POSTED: Friday, July 12, 2013 - 11:30am
UPDATED: Friday, July 12, 2013 - 6:46pm
SCOTLANDVILLE, LA (NBC33) — Residents of Scotlandville's University Place subdivision dealt with stench, flies, and even some health problems for almost twenty years before the city parish agreed to buy them out several months ago. Now, the reality of a future free from all those problems is finally hitting home for one family. However, the final hurdle is not without some lingering issues due to a new construction project.
Gregory Mitchell has lived in the subdivision for more than twenty years. He remembers when there was a park where the North Wastewater Treatment Plant now stands.
Mitchell and his wife Chontelle have been through years of legal wrangling with the city parish. When realtors contracted to help work out the details of the buyout showed up on his doorstep on Thursday, July 11, it was a big moment.
"At this point, we do see some progress, moving forward,” Gregory Mitchell said. “Now we want to make sure that the progress is constant progress, that's positive for this community."
The visits from realtors are just the beginning of the buyout process that will ultimately allow families like the Mitchells' to move on; away from the smell, the sewer flies, and now, more construction.
While the prospect of an end in sight is a positive one, Chontelle Mitchell says the latest construction project just adds insult to injury.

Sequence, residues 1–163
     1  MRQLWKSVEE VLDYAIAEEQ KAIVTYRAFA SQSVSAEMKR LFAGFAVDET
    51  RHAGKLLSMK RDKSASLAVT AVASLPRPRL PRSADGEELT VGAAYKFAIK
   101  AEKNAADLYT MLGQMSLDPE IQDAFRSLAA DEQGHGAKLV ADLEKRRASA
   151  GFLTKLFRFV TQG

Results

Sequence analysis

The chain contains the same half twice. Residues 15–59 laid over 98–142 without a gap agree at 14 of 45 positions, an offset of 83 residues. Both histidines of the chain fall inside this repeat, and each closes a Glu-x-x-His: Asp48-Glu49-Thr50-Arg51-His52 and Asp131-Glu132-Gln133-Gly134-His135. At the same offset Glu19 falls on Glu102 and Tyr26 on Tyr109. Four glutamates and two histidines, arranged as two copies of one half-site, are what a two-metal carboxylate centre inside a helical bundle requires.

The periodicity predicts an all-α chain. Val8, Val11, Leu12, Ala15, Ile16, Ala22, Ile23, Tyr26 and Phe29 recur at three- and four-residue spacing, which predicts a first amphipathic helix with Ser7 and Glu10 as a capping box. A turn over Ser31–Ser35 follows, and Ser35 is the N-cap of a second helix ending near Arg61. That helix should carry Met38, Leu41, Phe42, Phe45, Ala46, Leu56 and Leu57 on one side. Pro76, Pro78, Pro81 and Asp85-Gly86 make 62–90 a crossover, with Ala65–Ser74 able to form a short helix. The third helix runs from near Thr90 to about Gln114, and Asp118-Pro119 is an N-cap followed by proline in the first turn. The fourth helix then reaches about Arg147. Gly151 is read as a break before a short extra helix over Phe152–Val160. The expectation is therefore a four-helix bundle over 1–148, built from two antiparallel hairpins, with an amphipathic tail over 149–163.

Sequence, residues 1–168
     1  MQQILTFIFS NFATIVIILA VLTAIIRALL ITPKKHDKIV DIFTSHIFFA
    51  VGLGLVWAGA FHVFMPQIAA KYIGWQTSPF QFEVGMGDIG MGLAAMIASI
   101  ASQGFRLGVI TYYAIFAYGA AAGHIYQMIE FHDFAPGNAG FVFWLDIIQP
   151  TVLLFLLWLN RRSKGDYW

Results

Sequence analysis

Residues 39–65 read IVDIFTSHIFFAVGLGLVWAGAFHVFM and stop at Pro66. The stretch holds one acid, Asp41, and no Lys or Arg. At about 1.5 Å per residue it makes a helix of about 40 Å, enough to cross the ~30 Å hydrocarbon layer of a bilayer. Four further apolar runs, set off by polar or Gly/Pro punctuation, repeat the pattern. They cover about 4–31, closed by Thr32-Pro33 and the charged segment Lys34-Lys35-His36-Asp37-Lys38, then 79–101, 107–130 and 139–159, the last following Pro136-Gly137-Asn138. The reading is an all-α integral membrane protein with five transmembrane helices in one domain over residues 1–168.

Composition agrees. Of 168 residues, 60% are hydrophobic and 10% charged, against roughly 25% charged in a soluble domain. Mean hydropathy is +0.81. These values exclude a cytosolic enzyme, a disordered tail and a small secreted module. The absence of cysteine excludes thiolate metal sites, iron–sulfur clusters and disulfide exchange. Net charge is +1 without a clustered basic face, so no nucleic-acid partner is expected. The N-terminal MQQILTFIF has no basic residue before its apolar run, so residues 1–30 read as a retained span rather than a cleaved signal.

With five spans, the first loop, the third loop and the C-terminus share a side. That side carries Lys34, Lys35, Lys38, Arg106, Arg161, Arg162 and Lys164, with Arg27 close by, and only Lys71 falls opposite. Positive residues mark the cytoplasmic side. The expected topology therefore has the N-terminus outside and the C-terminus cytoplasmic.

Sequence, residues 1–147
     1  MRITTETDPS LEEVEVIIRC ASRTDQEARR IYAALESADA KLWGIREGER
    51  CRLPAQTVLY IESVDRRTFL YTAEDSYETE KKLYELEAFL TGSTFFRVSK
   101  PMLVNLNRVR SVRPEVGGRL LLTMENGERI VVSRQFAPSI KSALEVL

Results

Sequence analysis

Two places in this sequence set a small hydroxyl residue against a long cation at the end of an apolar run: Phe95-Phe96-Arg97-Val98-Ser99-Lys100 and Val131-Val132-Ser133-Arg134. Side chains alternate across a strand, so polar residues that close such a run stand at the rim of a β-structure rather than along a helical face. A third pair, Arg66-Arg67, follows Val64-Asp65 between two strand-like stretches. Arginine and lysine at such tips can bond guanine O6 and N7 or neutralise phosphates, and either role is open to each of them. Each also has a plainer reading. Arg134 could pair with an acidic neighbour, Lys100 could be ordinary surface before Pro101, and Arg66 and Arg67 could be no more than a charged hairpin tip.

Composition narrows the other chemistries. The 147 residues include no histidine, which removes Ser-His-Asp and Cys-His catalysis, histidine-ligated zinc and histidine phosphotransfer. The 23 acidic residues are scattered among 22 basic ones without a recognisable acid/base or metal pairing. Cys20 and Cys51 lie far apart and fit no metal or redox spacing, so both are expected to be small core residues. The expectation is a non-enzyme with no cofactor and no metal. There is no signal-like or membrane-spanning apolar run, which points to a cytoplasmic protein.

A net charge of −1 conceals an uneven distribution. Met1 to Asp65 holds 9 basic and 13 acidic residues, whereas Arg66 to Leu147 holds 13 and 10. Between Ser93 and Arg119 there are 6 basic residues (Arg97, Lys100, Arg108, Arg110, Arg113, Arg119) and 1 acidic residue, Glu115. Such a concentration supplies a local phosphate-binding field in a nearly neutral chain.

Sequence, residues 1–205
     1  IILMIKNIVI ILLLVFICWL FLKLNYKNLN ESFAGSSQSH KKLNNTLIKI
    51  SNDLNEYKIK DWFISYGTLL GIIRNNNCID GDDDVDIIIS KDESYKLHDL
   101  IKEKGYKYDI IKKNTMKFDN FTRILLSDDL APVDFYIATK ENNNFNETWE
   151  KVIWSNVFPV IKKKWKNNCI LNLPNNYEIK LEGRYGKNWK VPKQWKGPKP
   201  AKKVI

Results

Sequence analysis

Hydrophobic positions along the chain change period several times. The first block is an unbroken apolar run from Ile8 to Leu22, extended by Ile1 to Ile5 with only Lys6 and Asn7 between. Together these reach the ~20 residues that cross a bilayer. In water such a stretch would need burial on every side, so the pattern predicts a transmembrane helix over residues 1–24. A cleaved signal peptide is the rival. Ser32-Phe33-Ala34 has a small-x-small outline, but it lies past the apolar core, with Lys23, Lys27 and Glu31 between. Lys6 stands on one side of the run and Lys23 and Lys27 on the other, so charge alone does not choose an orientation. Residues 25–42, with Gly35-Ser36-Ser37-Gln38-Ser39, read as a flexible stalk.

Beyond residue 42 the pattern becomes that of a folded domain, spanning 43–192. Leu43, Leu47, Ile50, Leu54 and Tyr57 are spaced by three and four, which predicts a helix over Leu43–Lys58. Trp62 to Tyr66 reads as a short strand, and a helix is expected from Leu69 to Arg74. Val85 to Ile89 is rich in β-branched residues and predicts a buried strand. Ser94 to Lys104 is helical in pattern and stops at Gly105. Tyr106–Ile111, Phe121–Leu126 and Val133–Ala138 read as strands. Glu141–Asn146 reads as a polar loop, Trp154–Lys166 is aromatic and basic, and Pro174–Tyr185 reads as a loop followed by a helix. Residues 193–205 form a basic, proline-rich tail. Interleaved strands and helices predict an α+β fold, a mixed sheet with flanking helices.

"Knowing that they were intending to buy them out, they should have waited to start this construction," she explained.
But the new lines are going in now. It’s progress Mitchell says makes it even clearer for residents just how important this buyout is for their families and their futures. Still, the idea of going for some, is bitter sweet.
"But if you've lived in a community all of your life, there are some emotions that sometimes you just can't control,” Gregory said. “I've seen some folks cry. I've seen some folks get angry. So there are many emotions that are going on right now. But as we can see, hopefully moving forward, we can bring some smiles back to all of those faces."
While the prospect of finally closing this chapter of their lives is a positive one, some are reserving their celebration for when it counts.
"I have no faith in the system,” Chontelle said. “Until the move is done, I'm not satisfied."
At this point, realtors will walk residents through the appraisal process. We're told they could see the first buyout offers from the city parish within the next six to eight weeks.